The Brothers Karamazov centres on a patricide, the killing of a drunken, lecherous and neglectful father, and thus it poses the very same question facing Russia in more personal terms: does the authority and loyalty due to a leader – whether a father or tsar – extend even to an incompetent or abusive leader? And if not, might he justifiably be murdered or deposed? In Fyodor Karamazov, Dostoevsky created a perfect test case, for his lifetime of selfish indulgence makes a mockery of the ideals of fatherhood. Even if the murder of such a man cannot be justified, the book will ask us, can we not bring ourselves to excuse the killer? Are there not, in legal terms, mitigating circumstances that might enable us to show mercy toward the wretch who raises a hand against his corrupt and abusive father? For two hundred some pages, Frank takes us through The Brothers Karamazov, chapter by chapter, in what is surely one of the most impressive feats of close reading in the history of literary biography. What is revealed, gradually at first, is the full intricacy and scope of Dostoevsky’s design: every character, however minor, comes to serve his or her part in the larger questions the novel raises, questions which plague us to this day. Consider Ivan Karamazov, whom readers will know as the brightest and most rational-minded of the brothers Karamazov. It is Ivan who levels literature’s most devastating critique against the idea of God, by invoking the suffering of innocent children as an intolerable flaw in any created universe. Who, after all, could worship a god who permits children to die of dysentery or bone cancer, as they do every day by the thousands? It is Ivan who furnishes us with the “legend of the Grand Inquisitor,” which imagines a member of the church, a Grand Inquisitor, taking it upon himself to “correct” Christ’s mistake of venerating spiritual perfection over earthly wellbeing. But Ivan is also plagued by what seems to him an unsolvable contradiction: if there is no God, he reasons, there can be no foundational morality, which can only result in an inversion of the present moral law: “egoism, even to the point of evildoing, should not only be permitted to man but should be acknowledged as the necessary, the most reasonable, and all but the noblest result of his situation.”

Ivan does not murder his father. In fact, he is horrified by the deed itself. But the actual murderer, the lackey Smerdyakov, perhaps the illegitimate son of Fyodor, insists that it was Ivan who gave him permission to do the deed, who positively welcomed it. Smerdyakov, Frank argues, is the product of Ivan’s central idea – that the absence of God inevitably results in moral relativism – filtered through a man without Ivan’s broad sympathies. Frank takes us to the night of the murder, before the narrative has unfolded sufficiently for the reader to know what is to come:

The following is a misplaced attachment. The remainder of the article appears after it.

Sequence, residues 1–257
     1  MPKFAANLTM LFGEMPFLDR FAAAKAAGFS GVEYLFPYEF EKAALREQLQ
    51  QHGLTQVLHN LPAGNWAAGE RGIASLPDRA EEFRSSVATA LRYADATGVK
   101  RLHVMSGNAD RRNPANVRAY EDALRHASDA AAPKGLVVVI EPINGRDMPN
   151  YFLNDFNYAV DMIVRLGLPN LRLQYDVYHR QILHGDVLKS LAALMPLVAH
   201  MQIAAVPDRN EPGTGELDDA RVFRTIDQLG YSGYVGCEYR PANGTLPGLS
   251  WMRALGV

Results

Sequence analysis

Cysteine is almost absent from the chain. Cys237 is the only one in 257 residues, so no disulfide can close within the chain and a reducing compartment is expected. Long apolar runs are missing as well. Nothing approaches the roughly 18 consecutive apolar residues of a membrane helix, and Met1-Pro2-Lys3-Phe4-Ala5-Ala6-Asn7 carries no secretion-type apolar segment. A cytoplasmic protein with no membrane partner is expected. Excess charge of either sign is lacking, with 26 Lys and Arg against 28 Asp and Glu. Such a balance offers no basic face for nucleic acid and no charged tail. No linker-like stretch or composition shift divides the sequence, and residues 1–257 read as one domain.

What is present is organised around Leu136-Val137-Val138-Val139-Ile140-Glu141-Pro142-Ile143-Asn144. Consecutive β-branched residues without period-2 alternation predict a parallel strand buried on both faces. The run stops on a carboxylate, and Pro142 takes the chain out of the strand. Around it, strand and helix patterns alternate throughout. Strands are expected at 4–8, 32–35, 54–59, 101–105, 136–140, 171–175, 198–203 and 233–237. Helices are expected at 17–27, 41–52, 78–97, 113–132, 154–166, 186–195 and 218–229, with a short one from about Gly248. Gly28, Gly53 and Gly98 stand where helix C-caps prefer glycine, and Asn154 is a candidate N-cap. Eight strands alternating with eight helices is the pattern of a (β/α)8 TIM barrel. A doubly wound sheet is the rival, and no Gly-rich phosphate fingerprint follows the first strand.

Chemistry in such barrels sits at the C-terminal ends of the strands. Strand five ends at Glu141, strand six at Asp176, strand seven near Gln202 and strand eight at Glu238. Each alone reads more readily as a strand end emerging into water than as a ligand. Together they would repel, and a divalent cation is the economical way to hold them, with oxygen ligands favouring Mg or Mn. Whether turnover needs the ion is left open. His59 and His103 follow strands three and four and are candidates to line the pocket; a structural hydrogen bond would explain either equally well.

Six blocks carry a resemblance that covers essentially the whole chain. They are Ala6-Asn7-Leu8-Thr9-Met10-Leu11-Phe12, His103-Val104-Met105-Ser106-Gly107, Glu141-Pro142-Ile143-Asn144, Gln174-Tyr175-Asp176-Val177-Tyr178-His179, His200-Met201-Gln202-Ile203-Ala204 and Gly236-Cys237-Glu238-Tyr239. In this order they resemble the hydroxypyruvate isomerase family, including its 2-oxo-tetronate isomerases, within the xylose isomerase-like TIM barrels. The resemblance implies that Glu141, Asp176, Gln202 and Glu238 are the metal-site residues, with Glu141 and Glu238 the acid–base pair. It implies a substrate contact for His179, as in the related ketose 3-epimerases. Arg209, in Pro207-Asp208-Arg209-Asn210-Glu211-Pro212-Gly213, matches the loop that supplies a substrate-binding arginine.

That night he [Ivan] could not sleep, and was filled with feelings and impulses he could not understand – “he felt himself that he had lost his bearings.” The narrator, however, self-consciously refuses to enter into any extended analysis: “This is not the place to look into that soul – its time will come.” Instead, he reports objectively on the turmoil in Ivan’s spirit, “fretted by all sorts of strange and almost surprising desires,” such as wishing to go to the lodge and beat Smerdyakov. He could not have explained why, “except perhaps that he loathed the lackey as one who had insulted him more gravely than anyone in the world.” Smerdyakov’s “insult,” consisted in his perfectly justified assumption that Ivan had no deeply rooted objection to the murder of his loathsome father, though he himself refused to face up to this truth.

Later in the narrative, Ivan will come to realize this himself, that he had tacitly assented to the murder of his own father, and the realization drives him to the brink of insanity. The thematic connection to the Grand Inquisitor passage is made explicit when Ivan subconsciously decides to leave his father, thus giving Smerdyakov the opportunity to commit the murder: